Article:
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EDIT: Just goes to show you can't assume; I saw a post mentioning checking transmission fluid on a 2012 with no dipstick. A lot of what I said for checking the fluid will not apply... sorry.
How ironic this is the first time I've logged in... in a long time, and I just battled a similar issue.
Disclaimer: I'm not a mechanic, but I'm just sharing my experience.
Cliffs notes first: Service manual says to start the car on a level surface, and ensure that the fluid when cold is just on the tip of the dipstick. IF it's not even present on the end of the stick, shut it down, and slowly add until it's there. If the fluid is present, warm the car up, then drive on local roads ~3miles. I cycled the gears before doing that, then drove through my neighborhood for around 2 miles. When I go home, I checked the temperature of the transmission fluid with my scanner to ensure it was within SVC manual spec (if I have the manual in my trunk, I'll go out on lunch and get specific numbers). At this point, the fluid was ~150*F. Added little by little cycling through P, R, N, D slowly to allow fluid to move around. When I got to a suitable level on the dipstick, the fluid was ~170*F, and I took it out for another drive. Nice and easy. PM me if you want and I'll scan and send over the service manual pages tomorrow at work.
Word of advice: Be careful adding transmission fluid while the car is driving, and make sure the funnel is nice and tight. I have no idea why, but the fluid likes to be added slow, as it sometimes wants to burp and bubble up as I'm adding it. Maybe someone smarter than me can explain why, admittedly I have no clue. The aforementioned was done on a 2009 car, and I am unaware of any design changes that may impact your model.
Side bar if you care:
My wife was complaining about how her car was driving, so I opened hood and noticed copious amounts of trans fluid. I told her she's not driving it anymore and take my car. I tore into it, and found that the cooler line was rusted in a fairly nondescript place, but beyond that, nothing stood out, but there was a LOT of fluid underneath. I wiped everything down real good, dried all I could, and waited with the car off. I noticed a VERY SMALL (smaller than a pinhead) area where fluid was "sweating" out of the line, so to speak. Even though the line just looked like crap, it seemed to be fine. Nope. Especially under a bit of pressure, it would rocket everything out. Finding a part number for the stock cooler lines was impossible, local dealer wanted 170 for them and wouldn't be able to get until Thanksgiving, hopefully. Bought 25ft of Derale transmission rated 3/8 hose, reused the spring clamps, and ran my own cooler lines for <$30. Have put 150 miles on the car since the weekend driving to and from work, and knock on wood all is well (Save for a loose trans drain pan plug that I had to tend to last night). I strongly suggest you confirm where the leak is first before tearing into anything. I used to clean everything up and throw a bit of talcum powder in the suspect areas on an old truck I had. Crude but worked.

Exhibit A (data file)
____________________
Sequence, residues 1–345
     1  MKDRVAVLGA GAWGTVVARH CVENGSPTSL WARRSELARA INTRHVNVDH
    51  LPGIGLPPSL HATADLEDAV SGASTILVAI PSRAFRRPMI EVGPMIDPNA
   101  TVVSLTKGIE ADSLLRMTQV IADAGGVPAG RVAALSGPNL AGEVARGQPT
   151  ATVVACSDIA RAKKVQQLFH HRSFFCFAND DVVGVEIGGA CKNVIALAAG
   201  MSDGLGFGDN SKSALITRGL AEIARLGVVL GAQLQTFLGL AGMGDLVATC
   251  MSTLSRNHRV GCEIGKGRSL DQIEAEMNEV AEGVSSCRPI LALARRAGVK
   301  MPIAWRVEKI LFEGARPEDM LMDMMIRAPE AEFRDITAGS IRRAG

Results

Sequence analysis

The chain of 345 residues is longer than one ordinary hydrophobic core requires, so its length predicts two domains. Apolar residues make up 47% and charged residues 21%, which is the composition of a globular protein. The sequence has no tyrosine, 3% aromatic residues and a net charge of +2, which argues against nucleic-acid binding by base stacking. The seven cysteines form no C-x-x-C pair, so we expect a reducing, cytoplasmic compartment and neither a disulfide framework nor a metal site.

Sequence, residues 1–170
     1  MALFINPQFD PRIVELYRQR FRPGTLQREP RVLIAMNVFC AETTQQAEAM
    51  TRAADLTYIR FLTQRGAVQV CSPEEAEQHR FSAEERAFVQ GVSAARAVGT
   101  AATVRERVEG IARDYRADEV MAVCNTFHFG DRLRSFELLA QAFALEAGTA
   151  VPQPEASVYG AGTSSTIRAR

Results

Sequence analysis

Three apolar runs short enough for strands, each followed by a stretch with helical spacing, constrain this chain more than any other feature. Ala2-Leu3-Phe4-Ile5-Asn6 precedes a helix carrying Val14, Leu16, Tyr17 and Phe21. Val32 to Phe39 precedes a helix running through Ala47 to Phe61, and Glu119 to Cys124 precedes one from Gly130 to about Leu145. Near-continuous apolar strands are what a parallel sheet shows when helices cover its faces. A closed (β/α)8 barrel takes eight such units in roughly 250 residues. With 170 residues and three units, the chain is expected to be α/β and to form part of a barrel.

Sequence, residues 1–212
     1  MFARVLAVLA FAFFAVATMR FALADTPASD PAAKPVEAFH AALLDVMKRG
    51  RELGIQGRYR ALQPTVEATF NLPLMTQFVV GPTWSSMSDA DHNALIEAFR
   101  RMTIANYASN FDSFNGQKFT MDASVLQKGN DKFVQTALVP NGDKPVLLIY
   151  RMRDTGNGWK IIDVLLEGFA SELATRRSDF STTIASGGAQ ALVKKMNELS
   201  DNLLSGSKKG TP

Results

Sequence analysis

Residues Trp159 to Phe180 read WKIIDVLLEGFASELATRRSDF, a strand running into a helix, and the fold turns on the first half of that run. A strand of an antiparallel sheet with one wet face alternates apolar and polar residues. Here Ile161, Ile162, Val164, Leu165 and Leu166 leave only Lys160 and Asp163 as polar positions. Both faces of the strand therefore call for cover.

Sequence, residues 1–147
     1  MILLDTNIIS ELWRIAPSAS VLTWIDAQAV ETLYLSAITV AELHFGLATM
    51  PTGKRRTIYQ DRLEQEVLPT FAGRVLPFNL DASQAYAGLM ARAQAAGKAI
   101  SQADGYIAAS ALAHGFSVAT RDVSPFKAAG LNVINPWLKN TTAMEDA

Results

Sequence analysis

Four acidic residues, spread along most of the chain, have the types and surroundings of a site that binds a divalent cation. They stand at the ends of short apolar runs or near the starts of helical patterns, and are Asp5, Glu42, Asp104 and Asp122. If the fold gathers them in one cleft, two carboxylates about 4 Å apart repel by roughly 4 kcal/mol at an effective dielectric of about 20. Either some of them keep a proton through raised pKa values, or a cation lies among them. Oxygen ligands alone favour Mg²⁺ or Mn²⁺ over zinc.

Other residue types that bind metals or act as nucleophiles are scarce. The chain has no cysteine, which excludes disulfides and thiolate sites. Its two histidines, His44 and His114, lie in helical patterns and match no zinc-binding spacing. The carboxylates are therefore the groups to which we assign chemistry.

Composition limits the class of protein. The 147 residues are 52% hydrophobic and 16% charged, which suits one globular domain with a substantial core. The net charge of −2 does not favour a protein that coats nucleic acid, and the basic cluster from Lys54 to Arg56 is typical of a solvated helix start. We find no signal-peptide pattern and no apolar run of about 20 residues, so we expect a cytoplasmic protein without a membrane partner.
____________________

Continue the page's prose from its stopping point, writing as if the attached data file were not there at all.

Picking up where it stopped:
Good luck, it's not that bad to do the work, and frankly tracking down the spot of the leak was the most time consuming part of this endeavor.
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